Feasibility of test automation depends more on purpose, benefit, maintenance and cost than whether a test is a user acceptance test (UAT) case or another type of test case. I review test cases considered for automation by thinking through the shelf life of the test case (how long will the test case be used) and whether test time and effort will be saved by automating the case. I also ask myself what benefit can be gained by automating the case. Often the benefit of automating is being able to test with a larger variety of data than could be accomplished manually but this benefit may have to do with the fact that most applications I've worked with have been data-centric. The benefits you discover could vary based on the type of applications you're working with.
Advantages of automating are that you can speak to the status of the test cases after each execution. A disadvantage is that automation never replaces a person's point of view or sense of comfort with a system and the true meaning of user acceptance may be lost by automating the test cases.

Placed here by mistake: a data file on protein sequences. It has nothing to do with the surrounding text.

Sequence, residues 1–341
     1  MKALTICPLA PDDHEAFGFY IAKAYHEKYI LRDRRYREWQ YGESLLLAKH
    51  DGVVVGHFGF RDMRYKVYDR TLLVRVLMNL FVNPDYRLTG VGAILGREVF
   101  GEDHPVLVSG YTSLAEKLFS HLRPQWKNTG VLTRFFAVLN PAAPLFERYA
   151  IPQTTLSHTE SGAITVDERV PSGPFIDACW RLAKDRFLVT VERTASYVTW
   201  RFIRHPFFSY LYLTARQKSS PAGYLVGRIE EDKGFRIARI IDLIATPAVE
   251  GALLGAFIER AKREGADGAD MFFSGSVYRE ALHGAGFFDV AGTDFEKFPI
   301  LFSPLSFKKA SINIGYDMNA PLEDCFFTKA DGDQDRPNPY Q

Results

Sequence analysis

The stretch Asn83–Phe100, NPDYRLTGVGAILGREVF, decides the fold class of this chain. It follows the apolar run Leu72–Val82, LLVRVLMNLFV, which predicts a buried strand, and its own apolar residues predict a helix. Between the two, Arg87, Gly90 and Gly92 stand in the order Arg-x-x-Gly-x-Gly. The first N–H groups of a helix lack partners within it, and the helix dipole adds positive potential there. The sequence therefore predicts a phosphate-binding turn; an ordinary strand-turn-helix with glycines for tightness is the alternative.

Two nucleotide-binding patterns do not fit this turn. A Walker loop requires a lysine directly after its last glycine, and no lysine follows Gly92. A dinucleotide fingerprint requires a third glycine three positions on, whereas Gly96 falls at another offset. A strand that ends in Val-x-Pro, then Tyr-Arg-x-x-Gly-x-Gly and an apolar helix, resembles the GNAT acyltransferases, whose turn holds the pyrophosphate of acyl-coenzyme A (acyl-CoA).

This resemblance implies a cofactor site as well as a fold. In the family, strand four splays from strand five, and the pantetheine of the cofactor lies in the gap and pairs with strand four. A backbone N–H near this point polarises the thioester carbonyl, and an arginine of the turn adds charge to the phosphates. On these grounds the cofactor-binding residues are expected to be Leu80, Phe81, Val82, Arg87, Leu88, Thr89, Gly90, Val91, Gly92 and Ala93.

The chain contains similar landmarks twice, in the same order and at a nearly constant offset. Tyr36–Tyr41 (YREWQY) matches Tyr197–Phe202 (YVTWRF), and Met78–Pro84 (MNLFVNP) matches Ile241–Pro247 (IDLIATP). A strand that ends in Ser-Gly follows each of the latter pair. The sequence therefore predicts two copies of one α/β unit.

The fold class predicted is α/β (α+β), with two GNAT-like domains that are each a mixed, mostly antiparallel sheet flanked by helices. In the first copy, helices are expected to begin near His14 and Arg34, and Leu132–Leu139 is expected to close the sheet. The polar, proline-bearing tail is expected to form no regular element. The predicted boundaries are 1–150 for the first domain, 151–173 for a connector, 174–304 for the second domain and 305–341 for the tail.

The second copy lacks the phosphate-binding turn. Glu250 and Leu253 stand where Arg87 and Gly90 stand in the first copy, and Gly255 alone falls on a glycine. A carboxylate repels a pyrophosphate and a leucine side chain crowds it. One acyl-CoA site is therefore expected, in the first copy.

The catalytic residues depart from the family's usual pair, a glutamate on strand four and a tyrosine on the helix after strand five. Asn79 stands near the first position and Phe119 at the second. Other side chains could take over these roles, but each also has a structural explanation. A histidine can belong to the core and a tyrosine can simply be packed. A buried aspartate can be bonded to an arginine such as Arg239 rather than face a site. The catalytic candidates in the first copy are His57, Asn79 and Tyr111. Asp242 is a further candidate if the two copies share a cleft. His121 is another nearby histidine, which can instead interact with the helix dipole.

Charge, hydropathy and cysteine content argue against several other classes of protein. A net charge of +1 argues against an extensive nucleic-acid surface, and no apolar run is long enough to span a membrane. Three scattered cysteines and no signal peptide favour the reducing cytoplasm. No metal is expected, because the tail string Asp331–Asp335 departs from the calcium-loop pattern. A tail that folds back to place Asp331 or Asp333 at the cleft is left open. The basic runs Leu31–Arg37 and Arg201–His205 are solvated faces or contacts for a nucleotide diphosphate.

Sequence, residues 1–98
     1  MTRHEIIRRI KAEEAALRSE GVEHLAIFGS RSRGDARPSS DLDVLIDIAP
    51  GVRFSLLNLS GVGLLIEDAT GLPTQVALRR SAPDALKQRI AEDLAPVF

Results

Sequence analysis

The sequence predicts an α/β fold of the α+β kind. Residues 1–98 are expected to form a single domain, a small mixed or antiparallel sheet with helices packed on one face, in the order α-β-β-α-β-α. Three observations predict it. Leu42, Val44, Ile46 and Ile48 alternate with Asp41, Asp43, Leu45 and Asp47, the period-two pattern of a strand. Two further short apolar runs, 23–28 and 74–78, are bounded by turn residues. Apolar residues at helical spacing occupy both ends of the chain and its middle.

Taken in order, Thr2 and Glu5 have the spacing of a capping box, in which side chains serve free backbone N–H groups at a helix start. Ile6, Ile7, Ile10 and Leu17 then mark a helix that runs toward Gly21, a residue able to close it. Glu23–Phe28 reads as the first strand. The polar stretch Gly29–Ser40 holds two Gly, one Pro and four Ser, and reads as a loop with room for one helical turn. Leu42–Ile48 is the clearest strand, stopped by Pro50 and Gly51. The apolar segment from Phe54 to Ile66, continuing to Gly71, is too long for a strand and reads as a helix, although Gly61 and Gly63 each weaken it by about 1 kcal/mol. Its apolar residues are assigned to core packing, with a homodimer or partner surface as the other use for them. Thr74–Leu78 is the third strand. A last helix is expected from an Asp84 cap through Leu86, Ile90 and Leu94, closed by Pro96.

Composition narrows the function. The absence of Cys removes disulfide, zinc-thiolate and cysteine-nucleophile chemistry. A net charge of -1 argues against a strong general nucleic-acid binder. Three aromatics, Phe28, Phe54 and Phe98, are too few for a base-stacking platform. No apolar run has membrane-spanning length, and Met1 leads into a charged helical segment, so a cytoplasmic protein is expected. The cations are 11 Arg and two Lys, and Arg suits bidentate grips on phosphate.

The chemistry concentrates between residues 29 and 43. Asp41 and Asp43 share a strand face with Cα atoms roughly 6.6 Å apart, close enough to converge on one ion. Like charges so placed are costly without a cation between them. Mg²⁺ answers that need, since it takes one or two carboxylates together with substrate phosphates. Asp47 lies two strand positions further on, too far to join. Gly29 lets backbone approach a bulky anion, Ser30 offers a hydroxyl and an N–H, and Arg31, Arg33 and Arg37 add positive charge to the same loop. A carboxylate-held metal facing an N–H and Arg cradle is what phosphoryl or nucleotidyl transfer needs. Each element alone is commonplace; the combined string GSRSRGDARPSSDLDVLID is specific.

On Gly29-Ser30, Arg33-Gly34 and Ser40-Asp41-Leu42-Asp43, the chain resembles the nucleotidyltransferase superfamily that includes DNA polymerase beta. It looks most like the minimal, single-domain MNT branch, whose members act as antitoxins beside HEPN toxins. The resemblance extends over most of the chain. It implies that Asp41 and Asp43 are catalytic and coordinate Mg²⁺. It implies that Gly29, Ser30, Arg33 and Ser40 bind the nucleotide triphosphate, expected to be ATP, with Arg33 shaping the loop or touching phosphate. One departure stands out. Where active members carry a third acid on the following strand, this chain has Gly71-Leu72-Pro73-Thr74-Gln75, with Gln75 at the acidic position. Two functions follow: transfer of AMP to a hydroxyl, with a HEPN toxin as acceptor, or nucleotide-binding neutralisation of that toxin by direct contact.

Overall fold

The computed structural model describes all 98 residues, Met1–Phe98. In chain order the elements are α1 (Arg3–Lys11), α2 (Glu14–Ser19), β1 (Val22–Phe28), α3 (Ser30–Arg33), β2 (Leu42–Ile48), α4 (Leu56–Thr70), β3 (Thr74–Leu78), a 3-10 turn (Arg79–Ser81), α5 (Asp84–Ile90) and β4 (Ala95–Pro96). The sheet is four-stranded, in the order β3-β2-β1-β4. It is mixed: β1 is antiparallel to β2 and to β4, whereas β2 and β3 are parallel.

What's interesting to me about your question is that user acceptance cases are test cases usually created by users or written by testers or business analysts after interviewing users for the purpose of the users executing tests vs. automating the test cases. It might be that the test cases created for user acceptance are so practical and represent logical everyday use cases that automating the test cases makes sense. But if a user acceptance test case was automated, I don't think I would consider the test case a user acceptance case anymore. The test case would become an automated case written used to demonstrate system functionality.
If your situation is such that the users who are responsible to test a system after each release are too busy to test after each build and this is why you are considering automation, then I think there might be a different issue that needs to be addressed. Perhaps the user community is understaffed, or the expectations for user acceptance testing needs to be adjusted or there might be some other issue that needs to be understood and discussed versus automating to resolve an issue. I raise this as something to consider before spending effort on automation.
This was first published in October 2007